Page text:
“When I have gone to take photos at concerts, they have asked me: whose girlfriend are you?”

Even before the splendid work he did with Berri Txarrak on the Navarran group’s international farewell tour –which also resulted in a book to be recommended–, the name and work of Eider Iturriaga were well known. Music and photography come together in it with a very personal stamp that is also reflected now in the Pandemic sessions exhibition, which will be seen for the first time today thanks to the Cosmic Fest. Specifically, the exhibition will remain for the next two months at the Old Tower Stuff facilities (San Vicente slope) as part of the extensive program that the event will develop on its return after the stoppage due to the pandemic.

It will be this Thursday at 8:30 p.m. when the production opens, an appointment that will feature the presence of the author and the sounds that Tiki Boom & Miss Waymon will be playing in a very special session also for another reason. “The passion for music comes from my father”, who passed away last December, so the sounds of the event will come from the father’s private disco. Thus, the launch of a sample that brings together thirty images taken in Vitoria with the covid as background scenery will be experienced.

It should be remembered that since the Cosmic Fest could not take place, its manager, the Gasteiz cultural promoter Mikel González, chose to organize special sessions adapted to the restrictions of each moment, concerts that were held in the Jimmy Jazz room. “The initial idea was to record, as a portrait, the bands that went through these appointments. But since the situation was so crazy, so unusual, I wanted to record what we were experiencing in the images and not take the typical group photos. To do this, the Biscayan creator chose to remove the groups from her context, as she did with the members of Ummo, whom she captured in a supermarket near the space on Coronación Street.

Those performances – “we have to thank Jimmy Jazz and Gasteiz for the commitment they made to keep going when they could” – helped Iturriaga get back on track after the break experienced by the appearance of the pandemic. “There were moments of depression, of thinking that he was still not going to take pictures again. I felt lack of desire. But when I started going out with my dog, I took the camera with me and started to get the bug back. I have an impressive collection of dog portraits”, laughs the author. Beyond the anecdote, the covid made evident the number of people who move any cultural event, people who, however, were left very helpless in that situation. “They abandoned us,” recalls Iturriaga, who was just hit by all this slowdown after closing the Berri Txarrak project.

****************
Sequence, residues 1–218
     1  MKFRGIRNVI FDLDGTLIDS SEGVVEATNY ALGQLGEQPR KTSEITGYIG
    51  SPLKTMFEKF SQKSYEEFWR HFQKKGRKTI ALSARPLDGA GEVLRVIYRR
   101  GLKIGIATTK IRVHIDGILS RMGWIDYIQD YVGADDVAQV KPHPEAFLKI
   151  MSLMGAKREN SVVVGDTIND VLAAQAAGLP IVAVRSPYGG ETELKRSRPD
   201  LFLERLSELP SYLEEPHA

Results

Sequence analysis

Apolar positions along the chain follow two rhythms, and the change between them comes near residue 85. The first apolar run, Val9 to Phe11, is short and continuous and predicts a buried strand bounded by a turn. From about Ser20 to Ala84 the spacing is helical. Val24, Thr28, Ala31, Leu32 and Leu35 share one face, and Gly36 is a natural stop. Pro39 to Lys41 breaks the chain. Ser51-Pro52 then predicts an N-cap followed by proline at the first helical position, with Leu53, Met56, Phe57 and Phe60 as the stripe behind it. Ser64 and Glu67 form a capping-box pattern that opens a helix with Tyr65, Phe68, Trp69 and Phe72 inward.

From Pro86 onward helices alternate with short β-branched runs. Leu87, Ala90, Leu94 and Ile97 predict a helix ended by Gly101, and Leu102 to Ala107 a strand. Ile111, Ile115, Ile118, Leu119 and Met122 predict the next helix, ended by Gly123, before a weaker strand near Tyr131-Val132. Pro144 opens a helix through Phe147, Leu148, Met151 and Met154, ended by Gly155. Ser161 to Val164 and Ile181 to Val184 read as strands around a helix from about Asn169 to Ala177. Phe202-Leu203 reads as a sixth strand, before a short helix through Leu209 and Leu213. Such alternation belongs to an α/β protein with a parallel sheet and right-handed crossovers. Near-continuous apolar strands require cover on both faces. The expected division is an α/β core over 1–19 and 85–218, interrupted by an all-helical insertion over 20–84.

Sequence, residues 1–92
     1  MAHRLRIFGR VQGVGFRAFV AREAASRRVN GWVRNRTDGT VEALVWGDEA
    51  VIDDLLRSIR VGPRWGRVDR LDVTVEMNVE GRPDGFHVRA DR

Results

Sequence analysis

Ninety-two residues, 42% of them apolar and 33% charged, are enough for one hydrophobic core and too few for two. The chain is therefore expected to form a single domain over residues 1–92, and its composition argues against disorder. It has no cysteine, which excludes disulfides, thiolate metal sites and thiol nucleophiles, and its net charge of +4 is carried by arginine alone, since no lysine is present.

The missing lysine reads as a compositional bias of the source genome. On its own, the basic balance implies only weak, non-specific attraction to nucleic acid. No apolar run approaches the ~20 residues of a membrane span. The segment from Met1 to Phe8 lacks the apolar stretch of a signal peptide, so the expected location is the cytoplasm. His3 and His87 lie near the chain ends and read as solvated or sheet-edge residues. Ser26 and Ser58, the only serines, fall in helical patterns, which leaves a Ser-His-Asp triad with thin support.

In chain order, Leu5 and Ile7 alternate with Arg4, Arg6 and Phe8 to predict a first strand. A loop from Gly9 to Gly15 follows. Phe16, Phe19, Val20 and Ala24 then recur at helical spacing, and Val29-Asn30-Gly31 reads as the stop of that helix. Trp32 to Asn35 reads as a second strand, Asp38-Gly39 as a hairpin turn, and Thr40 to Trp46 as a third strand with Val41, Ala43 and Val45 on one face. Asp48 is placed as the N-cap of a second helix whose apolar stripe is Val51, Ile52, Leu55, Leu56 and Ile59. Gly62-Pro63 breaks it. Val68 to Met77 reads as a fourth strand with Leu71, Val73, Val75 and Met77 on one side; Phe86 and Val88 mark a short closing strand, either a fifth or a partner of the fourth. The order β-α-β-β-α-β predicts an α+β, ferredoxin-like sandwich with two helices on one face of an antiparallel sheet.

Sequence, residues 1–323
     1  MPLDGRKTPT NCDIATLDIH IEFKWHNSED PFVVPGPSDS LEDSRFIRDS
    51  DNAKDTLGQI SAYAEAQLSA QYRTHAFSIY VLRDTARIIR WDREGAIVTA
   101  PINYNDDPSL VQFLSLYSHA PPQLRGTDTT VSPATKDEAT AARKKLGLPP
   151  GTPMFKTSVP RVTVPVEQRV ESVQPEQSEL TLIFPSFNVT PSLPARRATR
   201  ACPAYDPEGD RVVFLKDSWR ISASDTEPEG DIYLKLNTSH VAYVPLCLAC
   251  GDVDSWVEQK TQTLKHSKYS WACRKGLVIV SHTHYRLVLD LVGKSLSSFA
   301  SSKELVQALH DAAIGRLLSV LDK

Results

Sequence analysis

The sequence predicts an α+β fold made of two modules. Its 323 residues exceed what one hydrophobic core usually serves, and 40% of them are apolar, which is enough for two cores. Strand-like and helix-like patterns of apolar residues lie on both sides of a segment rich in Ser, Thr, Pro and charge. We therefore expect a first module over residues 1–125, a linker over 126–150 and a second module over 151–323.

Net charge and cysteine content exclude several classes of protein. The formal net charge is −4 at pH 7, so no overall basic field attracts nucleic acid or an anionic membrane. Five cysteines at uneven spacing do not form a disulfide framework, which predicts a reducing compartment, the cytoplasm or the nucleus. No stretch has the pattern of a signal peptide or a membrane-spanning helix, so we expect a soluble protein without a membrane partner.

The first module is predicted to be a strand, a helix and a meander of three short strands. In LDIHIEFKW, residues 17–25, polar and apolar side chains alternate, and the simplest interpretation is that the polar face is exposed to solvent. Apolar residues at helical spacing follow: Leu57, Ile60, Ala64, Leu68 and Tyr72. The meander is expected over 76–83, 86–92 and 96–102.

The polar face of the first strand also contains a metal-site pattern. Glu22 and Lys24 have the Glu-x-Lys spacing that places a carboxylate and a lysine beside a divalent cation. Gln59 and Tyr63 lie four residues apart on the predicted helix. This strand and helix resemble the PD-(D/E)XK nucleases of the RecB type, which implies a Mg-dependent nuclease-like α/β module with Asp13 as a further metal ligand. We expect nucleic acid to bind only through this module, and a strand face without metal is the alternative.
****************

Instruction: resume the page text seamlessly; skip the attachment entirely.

It was a job that crossed borders but also a very demanding job. Even so, “a month after finishing I was already thinking that I wish I could get another tour”. But that is not easy at all. “I just came from a festival in Porto and you see how, outside, there are groups that take photographers with them because they understand that it is part of taking care of their image. That does not exist here. The Berri thing was an example that other bands could follow”. She doesn’t stop anyway. And she assures that in “99.9% of the occasions” she works with “absolute freedom”. In fact, she has a well-known house brand. “I’m still not always aware of having a stamp, so to speak, but there are people who see one of my photos and even if it’s not signed, they know it’s mine. That seems important to me.”

That yes, Iturriaga admits a characteristic not always so common in those who take photographs in direct. In each performance he bets on having at least one image in conditions of all the components of a group, no matter how numerous. “The bands attach a lot of importance to that,” explains the author, who recognizes that the best thing about her work is, precisely, that union of music and photography, her two great passions. “I ended up taking photos at concerts because it was something natural, something that had to happen.” She values ​​the experience of each concert (“of course I find out what’s going on and I enjoy it!”), especially in front of those who work in the same profession “just because they want to say that they know this musician or this another, or to boast that they were in one or another performance, that there is also that ”.

However, she points out that the hardest part of her work continues to have to do with the fact of being a woman. “In this world of men, many times, no matter how much I have worked on it, there are still people who think that I am there because I am the girlfriend of. That is a very unpleasant thing. All the time you have to be showing that you are worth doing this. Many times I have been asked: what do you come with? whose girlfriend are you? Well, she is the photographer Eider Iturriaga and from today she is exhibiting at Old Tower Stuff.

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“When I have gone to take photos at concerts, they have asked me: whose girlfriend are you?”

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